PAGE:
SAN MATEO (04/14/2000) - MCI WorldCom Inc. CEO Bernard Ebbers and other key executives said Thursday the company will fundamentally shift its emphasis to become a provider of Web-enabling services to the lucrative market of mid-sized businesses.
To go after that market, valued at $7 billion, WorldCom - as the company now wishes to be called - will rollout a series of "micro services."
These services will be both turnkey and customized offerings developed as part of an e-business "toolkit." Target customers include both established companies looking to quickly take on advanced Web capability and the burgeoning new class of e-commerce companies.
In re-purposing the company, Ebbers said he will change the way WorldCom invests in its own infrastructure.
"We haven't tried to quantify specific investments in this announcement. But each year we have about $8 to $10 billion in capital expenditures. What you will see is a reprioritization of the capital expenditures we are making," he said.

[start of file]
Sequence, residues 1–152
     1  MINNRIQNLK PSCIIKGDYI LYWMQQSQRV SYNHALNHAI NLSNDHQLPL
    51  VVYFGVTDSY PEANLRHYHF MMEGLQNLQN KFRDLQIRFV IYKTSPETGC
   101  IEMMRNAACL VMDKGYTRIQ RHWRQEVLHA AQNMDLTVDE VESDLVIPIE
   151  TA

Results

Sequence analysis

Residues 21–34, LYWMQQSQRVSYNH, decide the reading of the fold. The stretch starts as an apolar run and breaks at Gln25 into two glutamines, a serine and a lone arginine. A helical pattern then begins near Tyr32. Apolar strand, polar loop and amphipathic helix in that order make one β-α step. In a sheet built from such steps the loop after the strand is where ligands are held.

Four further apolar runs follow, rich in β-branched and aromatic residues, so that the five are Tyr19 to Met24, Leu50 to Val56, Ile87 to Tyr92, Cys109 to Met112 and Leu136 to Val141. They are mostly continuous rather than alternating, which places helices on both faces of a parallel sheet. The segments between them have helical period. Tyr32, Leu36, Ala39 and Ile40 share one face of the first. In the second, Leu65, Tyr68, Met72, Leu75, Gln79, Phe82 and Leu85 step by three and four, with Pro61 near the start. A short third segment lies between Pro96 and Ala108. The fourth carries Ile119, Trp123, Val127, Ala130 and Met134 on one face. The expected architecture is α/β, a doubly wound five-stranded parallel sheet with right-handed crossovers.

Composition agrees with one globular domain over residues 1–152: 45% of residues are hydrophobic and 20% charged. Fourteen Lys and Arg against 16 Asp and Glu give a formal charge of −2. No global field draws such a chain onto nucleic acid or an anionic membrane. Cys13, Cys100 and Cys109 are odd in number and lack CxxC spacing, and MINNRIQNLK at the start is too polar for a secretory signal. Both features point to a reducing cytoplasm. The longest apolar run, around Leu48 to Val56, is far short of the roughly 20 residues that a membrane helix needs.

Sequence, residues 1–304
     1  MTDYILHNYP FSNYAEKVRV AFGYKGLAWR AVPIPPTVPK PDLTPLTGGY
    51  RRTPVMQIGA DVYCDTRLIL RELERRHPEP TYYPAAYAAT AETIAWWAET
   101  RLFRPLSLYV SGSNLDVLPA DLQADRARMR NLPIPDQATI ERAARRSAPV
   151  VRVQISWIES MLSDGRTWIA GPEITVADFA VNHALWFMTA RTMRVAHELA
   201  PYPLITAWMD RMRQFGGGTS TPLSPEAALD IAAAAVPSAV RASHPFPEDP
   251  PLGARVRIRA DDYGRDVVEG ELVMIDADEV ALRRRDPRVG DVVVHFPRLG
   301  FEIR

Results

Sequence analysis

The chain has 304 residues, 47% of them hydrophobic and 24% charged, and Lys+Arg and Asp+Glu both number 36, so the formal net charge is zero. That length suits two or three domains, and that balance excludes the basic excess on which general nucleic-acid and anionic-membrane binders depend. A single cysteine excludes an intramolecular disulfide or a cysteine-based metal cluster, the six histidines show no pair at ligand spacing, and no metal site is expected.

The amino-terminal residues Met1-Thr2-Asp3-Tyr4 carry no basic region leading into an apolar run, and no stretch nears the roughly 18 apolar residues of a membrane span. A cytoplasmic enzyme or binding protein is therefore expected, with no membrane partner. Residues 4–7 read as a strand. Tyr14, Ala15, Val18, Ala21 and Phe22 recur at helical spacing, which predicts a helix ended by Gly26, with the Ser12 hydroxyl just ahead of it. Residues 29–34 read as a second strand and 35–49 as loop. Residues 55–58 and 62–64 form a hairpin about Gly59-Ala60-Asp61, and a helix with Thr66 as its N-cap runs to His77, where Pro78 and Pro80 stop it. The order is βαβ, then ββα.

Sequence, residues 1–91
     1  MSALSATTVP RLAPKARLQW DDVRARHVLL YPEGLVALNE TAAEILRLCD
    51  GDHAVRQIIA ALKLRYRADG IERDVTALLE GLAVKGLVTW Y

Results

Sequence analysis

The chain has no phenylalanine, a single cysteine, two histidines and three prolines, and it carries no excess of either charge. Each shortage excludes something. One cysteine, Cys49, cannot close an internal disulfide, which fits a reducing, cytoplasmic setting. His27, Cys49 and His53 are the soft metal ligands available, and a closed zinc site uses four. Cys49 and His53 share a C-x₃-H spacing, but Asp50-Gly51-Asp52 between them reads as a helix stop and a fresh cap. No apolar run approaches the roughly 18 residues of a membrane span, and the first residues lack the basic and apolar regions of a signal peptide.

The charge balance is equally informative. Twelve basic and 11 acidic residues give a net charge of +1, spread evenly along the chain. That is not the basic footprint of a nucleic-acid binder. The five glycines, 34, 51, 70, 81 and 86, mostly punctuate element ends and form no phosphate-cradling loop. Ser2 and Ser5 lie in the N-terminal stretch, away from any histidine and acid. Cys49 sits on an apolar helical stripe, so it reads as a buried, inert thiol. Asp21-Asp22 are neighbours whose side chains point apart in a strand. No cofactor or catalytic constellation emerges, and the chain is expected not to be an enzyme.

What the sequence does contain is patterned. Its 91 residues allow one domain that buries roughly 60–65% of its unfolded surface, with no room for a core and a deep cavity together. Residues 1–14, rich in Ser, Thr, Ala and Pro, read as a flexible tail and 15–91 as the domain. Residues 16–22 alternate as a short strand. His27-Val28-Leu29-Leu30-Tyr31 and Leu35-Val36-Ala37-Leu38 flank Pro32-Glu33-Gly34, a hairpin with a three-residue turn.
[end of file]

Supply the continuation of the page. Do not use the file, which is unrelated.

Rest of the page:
The company will not unveil specific toolkit offerings until next month. But officials generally described the offerings as directory services, security/certificate services, and voice browsing.
"These will be microservices needed to do business on the Web. The toolkit services will be available a la carte or in combined packages," said Fred Briggs, WorldCom chief technology officer.
WorldCom will also begin rolling out significant voice over IP (VOIP) services officials hinted at weeks ago.
Next month, the company will unveil a new arrangement with a hardware vendor that will provide WorldCom with new softswitch products to make its VOIP services possible, said Briggs.
New VOIP managed services will include voice over frame relay and voice over ATM -- as WorldCom will begin its VOIP campaign with its enterprise customers.
In staking its claim as a data-centric company for a data-centric economy, WorldCom will kick off a marketing blitz dubbed "generation d."
WorldCom, Inc. is based in Clinton, Miss. and is located at www.wcom.com